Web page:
Sydney Decimus Kitson was the tenth child of the celebrated Leeds Locomotive engineer James Kitson. During an active life he contributed both practically and financially to an impressive number of public institutions and private organisations. His special loves were art, architecture and antiquarianism, but he is chiefly remembered for his devotion to the work of nineteenth century watercolour artist John Sell Cotman (1782-1842).
Sydney's parents were James I Kitson (1807-1885) and Elizabeth, née Hutchinson (1833-1913), a Nottinghamshire vicar's daughter and James' second wife. James was a self-made man from Hunslet, Leeds. The company started in 1835 at the Airedale Foundry, off Pearson Street, Hunslet, with Charles Todd as a partner. Initially, the firm made parts for other builders, until it was joined in 1838 by David Laird, a wealthy farmer who was looking for investments, and the company became Todd, Kitson and Laird. That year saw the production of the company's first complete locomotives for the North Midland and the Liverpool and Manchester Railway. However, Todd left almost immediately to form Shepherd and Todd, and the company was known variously as Kitson and Laird or Laird and Kitson.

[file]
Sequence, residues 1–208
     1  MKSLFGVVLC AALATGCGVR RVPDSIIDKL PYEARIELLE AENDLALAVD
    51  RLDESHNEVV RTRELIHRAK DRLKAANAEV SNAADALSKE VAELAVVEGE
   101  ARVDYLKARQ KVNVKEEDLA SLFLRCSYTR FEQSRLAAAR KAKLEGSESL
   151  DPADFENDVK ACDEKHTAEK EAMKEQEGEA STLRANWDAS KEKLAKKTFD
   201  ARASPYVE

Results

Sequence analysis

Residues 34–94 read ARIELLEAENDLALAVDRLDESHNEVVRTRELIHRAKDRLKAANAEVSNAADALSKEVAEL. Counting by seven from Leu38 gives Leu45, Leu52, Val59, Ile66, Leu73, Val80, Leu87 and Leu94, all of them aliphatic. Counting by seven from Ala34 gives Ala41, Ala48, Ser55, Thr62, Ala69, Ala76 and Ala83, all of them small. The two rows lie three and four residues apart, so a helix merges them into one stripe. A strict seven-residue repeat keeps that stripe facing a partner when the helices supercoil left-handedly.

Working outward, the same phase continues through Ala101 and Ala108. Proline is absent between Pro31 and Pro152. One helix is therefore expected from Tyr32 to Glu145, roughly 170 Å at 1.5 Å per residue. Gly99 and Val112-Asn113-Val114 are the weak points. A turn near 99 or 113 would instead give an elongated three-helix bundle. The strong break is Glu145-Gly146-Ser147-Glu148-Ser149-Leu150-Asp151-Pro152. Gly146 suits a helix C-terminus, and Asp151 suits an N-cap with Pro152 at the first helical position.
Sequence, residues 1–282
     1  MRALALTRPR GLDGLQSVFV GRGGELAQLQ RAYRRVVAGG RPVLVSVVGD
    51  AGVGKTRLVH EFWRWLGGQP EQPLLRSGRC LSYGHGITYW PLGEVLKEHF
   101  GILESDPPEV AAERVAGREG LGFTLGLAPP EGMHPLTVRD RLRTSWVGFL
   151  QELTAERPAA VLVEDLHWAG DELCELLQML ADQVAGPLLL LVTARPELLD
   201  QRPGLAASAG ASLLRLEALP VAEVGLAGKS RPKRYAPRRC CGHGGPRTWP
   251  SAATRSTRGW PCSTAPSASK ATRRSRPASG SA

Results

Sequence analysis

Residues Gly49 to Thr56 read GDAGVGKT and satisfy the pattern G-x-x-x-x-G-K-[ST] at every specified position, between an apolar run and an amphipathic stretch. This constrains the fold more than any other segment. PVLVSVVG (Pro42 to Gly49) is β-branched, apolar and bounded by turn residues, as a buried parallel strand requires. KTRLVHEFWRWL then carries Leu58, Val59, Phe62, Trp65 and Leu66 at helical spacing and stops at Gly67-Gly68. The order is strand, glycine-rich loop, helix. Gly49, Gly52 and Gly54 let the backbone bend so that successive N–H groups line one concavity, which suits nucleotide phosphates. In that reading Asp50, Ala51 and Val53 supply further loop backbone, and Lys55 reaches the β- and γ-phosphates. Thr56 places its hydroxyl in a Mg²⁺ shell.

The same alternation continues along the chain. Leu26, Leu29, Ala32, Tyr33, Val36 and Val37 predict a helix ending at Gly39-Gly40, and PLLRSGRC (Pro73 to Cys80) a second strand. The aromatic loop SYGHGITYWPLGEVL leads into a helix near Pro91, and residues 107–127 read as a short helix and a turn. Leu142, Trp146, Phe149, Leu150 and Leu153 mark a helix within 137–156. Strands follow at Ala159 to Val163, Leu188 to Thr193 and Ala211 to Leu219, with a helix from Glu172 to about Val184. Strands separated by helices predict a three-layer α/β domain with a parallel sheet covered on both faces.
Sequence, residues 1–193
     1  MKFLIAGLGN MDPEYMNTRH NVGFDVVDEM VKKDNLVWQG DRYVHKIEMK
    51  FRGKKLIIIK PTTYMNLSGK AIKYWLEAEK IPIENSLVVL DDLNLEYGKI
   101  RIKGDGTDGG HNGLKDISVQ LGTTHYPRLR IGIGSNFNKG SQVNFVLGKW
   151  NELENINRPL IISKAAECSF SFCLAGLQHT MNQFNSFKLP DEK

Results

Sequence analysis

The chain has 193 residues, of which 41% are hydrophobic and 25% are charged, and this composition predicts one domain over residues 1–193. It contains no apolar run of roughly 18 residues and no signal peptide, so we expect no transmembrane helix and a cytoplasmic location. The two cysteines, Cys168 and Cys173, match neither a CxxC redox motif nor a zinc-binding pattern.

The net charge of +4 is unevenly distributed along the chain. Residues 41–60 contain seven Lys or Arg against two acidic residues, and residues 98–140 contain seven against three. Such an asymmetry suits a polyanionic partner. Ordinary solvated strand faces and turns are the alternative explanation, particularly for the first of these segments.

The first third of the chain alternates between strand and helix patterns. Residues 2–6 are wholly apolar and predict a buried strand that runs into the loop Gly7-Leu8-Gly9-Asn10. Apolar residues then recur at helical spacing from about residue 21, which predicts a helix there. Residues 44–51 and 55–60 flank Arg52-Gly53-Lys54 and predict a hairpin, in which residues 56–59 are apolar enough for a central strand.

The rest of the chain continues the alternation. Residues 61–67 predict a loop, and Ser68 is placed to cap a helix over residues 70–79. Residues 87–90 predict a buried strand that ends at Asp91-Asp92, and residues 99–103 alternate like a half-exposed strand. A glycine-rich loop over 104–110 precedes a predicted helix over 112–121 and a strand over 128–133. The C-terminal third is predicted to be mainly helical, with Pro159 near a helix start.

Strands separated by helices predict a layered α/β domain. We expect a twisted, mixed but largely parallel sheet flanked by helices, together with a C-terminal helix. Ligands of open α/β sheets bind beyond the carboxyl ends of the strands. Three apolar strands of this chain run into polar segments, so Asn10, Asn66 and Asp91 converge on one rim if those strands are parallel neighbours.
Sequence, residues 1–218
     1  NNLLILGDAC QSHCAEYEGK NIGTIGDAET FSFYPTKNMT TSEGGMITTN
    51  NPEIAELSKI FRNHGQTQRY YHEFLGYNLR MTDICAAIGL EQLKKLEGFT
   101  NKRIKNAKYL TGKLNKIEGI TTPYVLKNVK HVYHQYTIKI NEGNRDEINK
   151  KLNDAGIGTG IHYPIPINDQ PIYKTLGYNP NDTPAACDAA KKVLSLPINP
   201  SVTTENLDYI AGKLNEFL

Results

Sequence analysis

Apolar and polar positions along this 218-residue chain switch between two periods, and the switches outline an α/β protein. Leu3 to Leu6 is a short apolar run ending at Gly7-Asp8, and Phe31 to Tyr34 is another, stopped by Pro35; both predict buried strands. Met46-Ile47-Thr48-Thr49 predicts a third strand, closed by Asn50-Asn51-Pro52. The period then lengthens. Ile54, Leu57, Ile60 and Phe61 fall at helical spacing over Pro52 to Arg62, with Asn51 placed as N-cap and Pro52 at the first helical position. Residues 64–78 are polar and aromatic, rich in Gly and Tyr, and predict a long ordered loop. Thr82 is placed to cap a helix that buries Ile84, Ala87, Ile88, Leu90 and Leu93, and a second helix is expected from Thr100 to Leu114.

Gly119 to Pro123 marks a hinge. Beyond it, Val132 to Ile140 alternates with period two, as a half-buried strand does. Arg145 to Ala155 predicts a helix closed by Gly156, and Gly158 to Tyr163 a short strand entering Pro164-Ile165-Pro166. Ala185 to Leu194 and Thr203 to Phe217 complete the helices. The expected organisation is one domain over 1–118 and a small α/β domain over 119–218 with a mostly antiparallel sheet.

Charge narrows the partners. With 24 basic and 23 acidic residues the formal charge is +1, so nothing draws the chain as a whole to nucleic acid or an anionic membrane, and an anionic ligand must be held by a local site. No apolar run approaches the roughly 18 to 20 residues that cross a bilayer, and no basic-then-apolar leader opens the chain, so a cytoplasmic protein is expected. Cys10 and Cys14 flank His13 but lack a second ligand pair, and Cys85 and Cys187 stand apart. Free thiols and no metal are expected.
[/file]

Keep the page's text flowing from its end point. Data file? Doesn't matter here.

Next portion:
James, formerly of Hyde House, Clarendon Road, Leeds, bought Elmet Hall in Roundhay from the Nicholson family for £17,000 in 1865. It was here that Sydney was born on 26th June 1871. Sydney was of the same generation as his nephews, Edwin Kitson Clark (1866-1941) and Robert Hawthorn Kitson (1873-1947), with whose families and artistic interests those of his own were closely interlinked.
Robert's father was a director of Kitson & Co. until his premature death in 1899 and Edwin was the managing director until the firm was taken into receivership in 1934. The presiding entrepreneur throughout the firm’s heyday was Sydney's eldest brother, James l l Kitson (1835-1911). James Kitson was a Liberal Party politician. He was knighted as first Lord Mayor of Leeds in 1887 and was MP for Colne Valley from 1892-1907, when he was created the first Lord Airedale. He was elevated to the peerage in 1907. He was a prominent Unitarian in Leeds.